The International Convention for the Control and Management
of Ships' Ballast Water and Sediments, originally signed in 2004, enters into
force today 8 September 2017. The Baltic Sea coastal countries are well
prepared for this major milestone, as they have cooperated on technical details
of its regional implementation within HELCOM for over a decade.
Round goby. Photo: Žilvinas Pūtys
Ships' ballast water, routinely taken on by ships for stability
and structural integrity, may carry alien species which are harmful to the
marine ecosystems and biodiversity in many ways, especially in fragile marine
areas such as the Baltic Sea. The subject of the Convention, safe management of
ships' ballast water, has a major role in preventing this route of spreading
Based on latest HELCOM data, 14 new non-indigenous species
have appeared in the Baltic Sea for the first time during 2011–2015, with over
130 introductions in total since the 19th century.
"The entry into force of the Ballast Water Management
Convention is a major step for the whole world but naturally also for the
Baltic Sea region. It will also put the results of our intensive regional
preparations to a real test. However, I am confident that with all their
expertise and the work done so far, the relevant HELCOM groups are well
prepared to support to any relevant implementation issues emerging during the
next years.” says Monika Stankiewicz, HELCOM Executive Secretary.
Immediately after signature of the Convention in 2004, following
the pioneering work within the Baltic Sea scientific community and the
international developments around the Convention at IMO, the HELCOM Maritime
Working Group started substantial joint work in this field by establishing a
dedicated Ballast Water Correspondence Group under the lead of Finland.
Since this start, the coastal countries of the Baltic Sea
have co-operated within HELCOM, as well as together with other regional seas
cooperation structures like OSPAR, on a number of specific issues around the
foreseen implementation of the Ballast Water Convention in the Baltic Sea
Even if the core work is carried out at the International
Maritime Organisation (IMO), this kind of supportive region-specific cooperation
on implementation is foreseen by the Ballast Water Convention itself (Article
Examples of concrete output from the preparatory regional cooperation
within HELCOM include a comprehensive harmonised implementation procedure on
exemptions (Reg. A-4 of the Convention) with a related risk assessment website, released in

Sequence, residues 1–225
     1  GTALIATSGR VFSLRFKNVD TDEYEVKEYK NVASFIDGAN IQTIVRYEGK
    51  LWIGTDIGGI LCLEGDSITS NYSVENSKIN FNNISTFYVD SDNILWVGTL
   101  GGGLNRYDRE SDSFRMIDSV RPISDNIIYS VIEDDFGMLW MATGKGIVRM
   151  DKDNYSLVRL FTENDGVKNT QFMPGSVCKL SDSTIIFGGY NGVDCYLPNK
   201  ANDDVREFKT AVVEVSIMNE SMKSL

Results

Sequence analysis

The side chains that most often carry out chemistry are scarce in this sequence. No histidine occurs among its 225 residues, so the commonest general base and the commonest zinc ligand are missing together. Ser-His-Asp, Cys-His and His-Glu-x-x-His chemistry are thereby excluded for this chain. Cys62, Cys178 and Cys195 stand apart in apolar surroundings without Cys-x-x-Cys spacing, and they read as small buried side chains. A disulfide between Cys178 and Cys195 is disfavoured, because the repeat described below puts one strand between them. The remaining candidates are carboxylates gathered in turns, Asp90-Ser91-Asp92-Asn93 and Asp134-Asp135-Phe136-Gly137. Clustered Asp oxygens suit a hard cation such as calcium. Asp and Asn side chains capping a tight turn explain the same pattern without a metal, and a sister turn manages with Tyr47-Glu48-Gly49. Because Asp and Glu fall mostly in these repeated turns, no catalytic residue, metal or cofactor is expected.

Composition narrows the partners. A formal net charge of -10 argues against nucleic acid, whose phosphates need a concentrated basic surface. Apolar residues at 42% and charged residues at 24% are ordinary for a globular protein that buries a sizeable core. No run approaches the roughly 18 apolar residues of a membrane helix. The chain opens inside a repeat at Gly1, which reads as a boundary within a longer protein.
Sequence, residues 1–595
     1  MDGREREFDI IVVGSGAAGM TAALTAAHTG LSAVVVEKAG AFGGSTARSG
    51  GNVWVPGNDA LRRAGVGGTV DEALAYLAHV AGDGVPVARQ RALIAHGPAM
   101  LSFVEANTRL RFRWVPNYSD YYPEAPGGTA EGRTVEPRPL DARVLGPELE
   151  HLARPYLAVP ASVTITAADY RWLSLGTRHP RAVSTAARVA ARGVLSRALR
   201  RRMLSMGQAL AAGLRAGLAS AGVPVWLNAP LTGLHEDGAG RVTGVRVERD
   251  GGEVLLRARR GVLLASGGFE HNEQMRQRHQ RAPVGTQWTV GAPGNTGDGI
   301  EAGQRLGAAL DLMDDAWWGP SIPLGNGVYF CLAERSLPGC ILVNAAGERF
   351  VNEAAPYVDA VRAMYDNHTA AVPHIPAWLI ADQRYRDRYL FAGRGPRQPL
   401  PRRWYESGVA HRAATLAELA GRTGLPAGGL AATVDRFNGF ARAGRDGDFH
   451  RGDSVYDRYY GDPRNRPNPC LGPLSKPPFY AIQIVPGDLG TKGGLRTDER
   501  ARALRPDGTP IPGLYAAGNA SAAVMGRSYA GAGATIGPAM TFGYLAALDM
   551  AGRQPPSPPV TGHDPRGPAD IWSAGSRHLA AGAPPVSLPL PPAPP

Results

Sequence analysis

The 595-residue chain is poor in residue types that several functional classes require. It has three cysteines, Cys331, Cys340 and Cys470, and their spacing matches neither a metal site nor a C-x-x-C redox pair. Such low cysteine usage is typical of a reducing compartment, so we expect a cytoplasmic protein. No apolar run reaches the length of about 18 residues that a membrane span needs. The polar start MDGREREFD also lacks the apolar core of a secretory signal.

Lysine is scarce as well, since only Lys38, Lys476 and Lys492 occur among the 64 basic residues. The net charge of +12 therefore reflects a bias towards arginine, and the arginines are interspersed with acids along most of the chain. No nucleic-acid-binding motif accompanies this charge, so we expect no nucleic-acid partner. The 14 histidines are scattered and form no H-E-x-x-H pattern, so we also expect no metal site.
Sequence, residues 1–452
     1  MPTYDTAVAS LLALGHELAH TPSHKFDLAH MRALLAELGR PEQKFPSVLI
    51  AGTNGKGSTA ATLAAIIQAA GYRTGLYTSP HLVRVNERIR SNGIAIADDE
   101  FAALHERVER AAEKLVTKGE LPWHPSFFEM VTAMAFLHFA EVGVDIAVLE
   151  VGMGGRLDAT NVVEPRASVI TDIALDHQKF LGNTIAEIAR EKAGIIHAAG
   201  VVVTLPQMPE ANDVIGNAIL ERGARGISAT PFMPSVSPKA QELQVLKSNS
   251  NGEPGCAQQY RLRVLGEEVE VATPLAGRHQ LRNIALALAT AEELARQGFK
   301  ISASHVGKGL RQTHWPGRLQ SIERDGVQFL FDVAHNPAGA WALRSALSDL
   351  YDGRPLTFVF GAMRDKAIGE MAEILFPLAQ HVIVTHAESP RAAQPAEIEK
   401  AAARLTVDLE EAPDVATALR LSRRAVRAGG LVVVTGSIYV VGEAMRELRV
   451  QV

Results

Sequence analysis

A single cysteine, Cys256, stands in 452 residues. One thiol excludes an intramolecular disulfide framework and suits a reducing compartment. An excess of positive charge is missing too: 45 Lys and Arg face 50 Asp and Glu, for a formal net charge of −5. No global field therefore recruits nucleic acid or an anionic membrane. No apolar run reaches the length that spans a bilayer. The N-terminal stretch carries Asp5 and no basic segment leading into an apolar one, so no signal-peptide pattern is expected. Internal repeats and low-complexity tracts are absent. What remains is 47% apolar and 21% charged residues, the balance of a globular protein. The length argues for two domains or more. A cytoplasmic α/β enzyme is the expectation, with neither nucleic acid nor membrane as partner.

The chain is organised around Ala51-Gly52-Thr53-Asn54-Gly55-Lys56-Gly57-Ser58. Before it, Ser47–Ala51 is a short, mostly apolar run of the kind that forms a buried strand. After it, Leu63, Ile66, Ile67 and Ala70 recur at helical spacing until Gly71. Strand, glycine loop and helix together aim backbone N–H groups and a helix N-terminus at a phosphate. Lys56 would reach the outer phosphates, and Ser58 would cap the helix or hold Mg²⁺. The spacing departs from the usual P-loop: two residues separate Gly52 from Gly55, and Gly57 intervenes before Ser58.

a renewed form this autumn; a series of regional recommendations concerning
ballast water exchange (BWM.2/Circ.14, BWM.2/Circ.22, and BWM.2/Circ.39); as
well as keeping up-to-date on new invasions by a dedicated regional
Since 2012, the core technical work has been carried out
within a dedicated intergovernmental task group – the Joint HELCOM-OSPAR Task
Group on Ballast Water Management Convention Exemptions (HELCOM/OSPAR TG
BALLAST) – formed by the participating countries and representatives of the
shipping industry and NGOs.
Over the years, several HELCOM projects have supported this
intergovernmental dialogue with substantial input, starting from the GEF funded
Baltic Sea regional project (2003–2007). The latest of these is the project
“COMPLETE” which will further develop the regional implementation during 2017–2019,
with HELCOM involvement and co-funding from the EU Interreg programme.
As one of the latest developments, a new roadmap for
regional implementation of the outstanding issues on Ballast Water Convention
in the Baltic Sea was adopted in December 2016 by the HELCOM Heads of
Delegation (HOD), replacing the completed HELCOM roadmap from 2007.
The upcoming meetings of the HELCOM Maritime working group
(10–12 October 2017, St.Petersburg) and HELCOM/OSPAR TG BALLAST (16–17 November
2017, Helsinki) will provide opportunities to consider substantial issues
related to the implementation of the Ballast Water Convention in the Baltic Sea
region. This includes following up on the progress on ratifying the BWM
Convention by the remaining coastal countries.
Full convention text (PDF)
Summary of convention text
IMO Briefing 8 September 2016: Global treaty to haltinvasive aquatic species to enter into force in 2017
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Note for editors:
During the last decade shipping has steadily increased in
the Baltic Sea, reflecting intensifying co-operation and economic prosperity
around the region. At the same time, increasing maritime transportation
threatens fragile ecosystems and the livelihoods of the many people who depend
on the sea.
HELCOM Maritime Working Group identifies and promotes
actions to limit sea-based pollution and finds ways for safer navigation.
Established in 1975, the group also deals with the harmonized implementation
and enforcement of international shipping regulations.
HELCOM is an intergovernmental organization made up of the
nine Baltic Sea coastal countries and the European Union. Founded in 1974, its
primary aims as a governing body are to protect the marine environment of the
Baltic Sea from all sources of pollution, as well as to ensure safe maritime
navigation. The official name of HELCOM is the Baltic Marine Environment
Protection Commission; it is the governing body of the Helsinki Convention.
For more information, please contact:
Professional Secretary for Maritime, Response and Fish groups
Tel: +358 46 8509199